Hiking and Birdwatching in Costa Rica

Hiking and Birdwatching in Costa Rica


For many visitors and residents Costa Rica’s natural beauty is a big attraction. If you want to really get close to nature, bird watching and hiking are great ways to do it. Birders “flock” to Costa Rica to see some of the nearly 900 species that have been recorded here. Following is a brief description of some of Costa Rica’s best national parks and bird watching locations.

Guanacaste

Santa Rosa National Park, Lomas Barbudal Biological Reserve,and Palo Verde National Park offer great birding and hiking. Santa Rosa is the location where William Walker was defeated and driven from Costa Rica and where the legend of national hero Juan Santamaria was born.

Central Pacific

Carara National Park stretches from the Central Pacific coast to nearly the Central Valley and offers great bird watching and hiking. There are also indigenous ruins in the park. You can usually hire a guide at the park entrance and their fee is well worth it, since they will point out things you would never see on your own.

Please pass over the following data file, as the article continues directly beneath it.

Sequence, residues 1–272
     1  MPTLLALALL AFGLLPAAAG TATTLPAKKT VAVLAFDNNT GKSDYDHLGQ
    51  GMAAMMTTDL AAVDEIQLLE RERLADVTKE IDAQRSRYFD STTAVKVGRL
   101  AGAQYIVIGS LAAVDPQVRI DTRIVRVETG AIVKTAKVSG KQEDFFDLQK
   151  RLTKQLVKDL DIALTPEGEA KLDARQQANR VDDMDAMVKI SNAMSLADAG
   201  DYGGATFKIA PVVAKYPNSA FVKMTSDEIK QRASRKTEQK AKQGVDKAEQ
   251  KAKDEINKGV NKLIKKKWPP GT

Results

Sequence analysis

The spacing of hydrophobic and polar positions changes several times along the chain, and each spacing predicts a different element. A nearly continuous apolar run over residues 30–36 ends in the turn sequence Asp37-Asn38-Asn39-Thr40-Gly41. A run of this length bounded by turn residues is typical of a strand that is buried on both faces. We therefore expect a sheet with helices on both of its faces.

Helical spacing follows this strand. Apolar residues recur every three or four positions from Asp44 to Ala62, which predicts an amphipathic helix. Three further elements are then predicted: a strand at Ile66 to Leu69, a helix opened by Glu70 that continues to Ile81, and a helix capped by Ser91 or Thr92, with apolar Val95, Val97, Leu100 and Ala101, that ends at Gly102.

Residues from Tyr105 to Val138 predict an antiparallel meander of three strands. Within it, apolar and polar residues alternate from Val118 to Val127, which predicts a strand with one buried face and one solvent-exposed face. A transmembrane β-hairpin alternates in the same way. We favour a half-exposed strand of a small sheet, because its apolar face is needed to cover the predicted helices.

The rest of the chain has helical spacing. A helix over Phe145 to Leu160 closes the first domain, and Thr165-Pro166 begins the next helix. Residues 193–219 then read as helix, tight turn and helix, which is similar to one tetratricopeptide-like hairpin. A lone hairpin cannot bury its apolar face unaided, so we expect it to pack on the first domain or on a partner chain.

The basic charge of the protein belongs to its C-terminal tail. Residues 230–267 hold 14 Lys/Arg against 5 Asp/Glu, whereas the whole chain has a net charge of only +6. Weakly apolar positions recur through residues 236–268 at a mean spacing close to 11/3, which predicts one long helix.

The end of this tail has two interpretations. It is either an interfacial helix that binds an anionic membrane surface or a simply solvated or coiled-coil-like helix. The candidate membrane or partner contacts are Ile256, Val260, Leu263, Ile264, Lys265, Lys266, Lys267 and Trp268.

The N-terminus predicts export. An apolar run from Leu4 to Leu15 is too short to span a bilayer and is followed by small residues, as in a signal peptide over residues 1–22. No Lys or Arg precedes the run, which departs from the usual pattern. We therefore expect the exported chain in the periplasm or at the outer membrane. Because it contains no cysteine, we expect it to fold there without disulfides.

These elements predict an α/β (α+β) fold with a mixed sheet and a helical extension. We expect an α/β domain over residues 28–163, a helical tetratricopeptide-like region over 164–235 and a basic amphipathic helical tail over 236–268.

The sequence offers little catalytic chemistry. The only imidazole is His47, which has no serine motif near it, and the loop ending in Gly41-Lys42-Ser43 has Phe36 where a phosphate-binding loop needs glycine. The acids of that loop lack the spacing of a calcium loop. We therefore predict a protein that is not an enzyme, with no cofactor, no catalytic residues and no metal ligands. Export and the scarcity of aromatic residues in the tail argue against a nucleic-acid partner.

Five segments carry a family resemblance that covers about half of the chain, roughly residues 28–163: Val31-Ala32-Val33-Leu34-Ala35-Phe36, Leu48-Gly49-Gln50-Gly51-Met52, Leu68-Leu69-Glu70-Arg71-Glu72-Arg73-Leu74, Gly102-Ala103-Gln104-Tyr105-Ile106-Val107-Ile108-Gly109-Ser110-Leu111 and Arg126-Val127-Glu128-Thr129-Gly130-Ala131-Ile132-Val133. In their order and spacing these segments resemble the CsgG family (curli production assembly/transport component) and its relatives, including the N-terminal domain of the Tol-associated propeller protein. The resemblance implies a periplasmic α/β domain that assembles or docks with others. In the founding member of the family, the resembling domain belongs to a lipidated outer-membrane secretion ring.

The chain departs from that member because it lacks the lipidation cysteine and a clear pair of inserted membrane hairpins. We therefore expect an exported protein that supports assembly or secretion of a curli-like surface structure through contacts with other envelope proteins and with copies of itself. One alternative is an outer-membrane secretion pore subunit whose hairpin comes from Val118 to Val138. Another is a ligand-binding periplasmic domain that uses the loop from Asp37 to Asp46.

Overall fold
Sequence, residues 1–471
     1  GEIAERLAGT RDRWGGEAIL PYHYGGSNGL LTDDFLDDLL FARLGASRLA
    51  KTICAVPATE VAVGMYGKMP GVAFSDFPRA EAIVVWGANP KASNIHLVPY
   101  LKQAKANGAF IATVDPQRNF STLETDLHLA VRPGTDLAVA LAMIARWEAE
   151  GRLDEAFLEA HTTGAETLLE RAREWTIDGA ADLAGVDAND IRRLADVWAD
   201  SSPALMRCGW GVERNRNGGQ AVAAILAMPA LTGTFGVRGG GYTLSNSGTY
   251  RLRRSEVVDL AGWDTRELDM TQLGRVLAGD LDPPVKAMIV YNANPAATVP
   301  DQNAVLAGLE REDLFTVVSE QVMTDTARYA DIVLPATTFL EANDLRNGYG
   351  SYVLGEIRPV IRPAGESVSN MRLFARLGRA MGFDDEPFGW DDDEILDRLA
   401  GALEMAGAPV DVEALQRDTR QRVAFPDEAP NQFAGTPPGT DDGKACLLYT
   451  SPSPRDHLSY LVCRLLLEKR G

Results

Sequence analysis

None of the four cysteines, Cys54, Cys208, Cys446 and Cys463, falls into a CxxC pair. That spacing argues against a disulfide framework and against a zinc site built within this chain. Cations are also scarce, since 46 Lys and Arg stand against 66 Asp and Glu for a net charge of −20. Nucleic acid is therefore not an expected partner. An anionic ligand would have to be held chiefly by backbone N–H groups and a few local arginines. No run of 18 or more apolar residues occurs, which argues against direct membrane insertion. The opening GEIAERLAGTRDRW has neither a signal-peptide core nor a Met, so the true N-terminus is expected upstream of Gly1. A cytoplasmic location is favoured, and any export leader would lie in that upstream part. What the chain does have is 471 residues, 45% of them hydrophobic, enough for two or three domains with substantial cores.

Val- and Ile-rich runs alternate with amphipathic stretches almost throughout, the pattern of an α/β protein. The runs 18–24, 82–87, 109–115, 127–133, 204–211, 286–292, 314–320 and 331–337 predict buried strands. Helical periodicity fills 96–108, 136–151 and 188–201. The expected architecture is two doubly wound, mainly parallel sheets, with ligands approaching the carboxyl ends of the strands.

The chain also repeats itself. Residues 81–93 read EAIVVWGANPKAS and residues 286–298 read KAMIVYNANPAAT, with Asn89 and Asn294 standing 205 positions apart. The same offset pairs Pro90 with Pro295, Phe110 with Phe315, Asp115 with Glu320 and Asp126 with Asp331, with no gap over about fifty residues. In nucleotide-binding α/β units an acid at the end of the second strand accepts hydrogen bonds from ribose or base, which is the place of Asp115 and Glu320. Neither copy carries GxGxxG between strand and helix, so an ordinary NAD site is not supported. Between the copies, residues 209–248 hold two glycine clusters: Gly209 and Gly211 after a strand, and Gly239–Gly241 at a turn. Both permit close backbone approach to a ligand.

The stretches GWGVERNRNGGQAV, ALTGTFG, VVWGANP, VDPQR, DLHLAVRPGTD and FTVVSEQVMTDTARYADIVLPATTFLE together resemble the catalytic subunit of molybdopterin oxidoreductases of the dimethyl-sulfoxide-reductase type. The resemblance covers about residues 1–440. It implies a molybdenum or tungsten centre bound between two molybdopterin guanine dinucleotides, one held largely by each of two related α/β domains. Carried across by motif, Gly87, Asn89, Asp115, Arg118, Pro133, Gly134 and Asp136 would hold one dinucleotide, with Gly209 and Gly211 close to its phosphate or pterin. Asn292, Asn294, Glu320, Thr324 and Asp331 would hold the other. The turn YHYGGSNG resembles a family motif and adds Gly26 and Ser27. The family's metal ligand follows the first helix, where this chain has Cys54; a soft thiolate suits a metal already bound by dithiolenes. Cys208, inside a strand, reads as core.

Monteverde

Monteverde has been the Costa Rican Mecca for nature enthusiasts for decades. Despite concerns about global warning drying up the cloud forest and the loss of some amphibious species, Monteverde still is a top attraction.

Manzanillo – Gandoca (southern Caribbean)

This forest reserve is in the South Caribbean and the Gandoca park is also a marine park. You can take a lovely hike along the coast south of Manzanillo, the trail runs along the beach and there is a lagoon along the way.

Corcovado National Park (Osa Peninsula)

This is the crown jewel of Costa Rica’s forests. Scientists come from around the world to study species in the earth’s “most biologically intense” region. Corcovado is large enough to host far-ranging species like the Jaguar and Harpy Eagle. Most visitors take guided tours and stay in nearby lodges around Matapalo, although one company offers a “tent lodge” right in the forest.

Los Santos – Chirripo

The Los Santos region is home to some of the largest tracts of virgin forest in Costa Rica. The “new” Monteverde if you will. Los Quetzales National Park has 5000 hectares and features abundant quetzals and pumas. The Chirripo mountain is the highest peak in Costa Rica at 3820 meters (12,,532 feet). This is probably the most challenging hike in Costa Rica, the trip up taking 6 to 12 hours. Although the fastest competitors in the annual race get to the top AND back down in 3.5 hours! Accommodations are available at the Los Crestones camp and most visitors take several days to enjoy exploring the area.

**Article from the archives of the American-European Real Estate Group**

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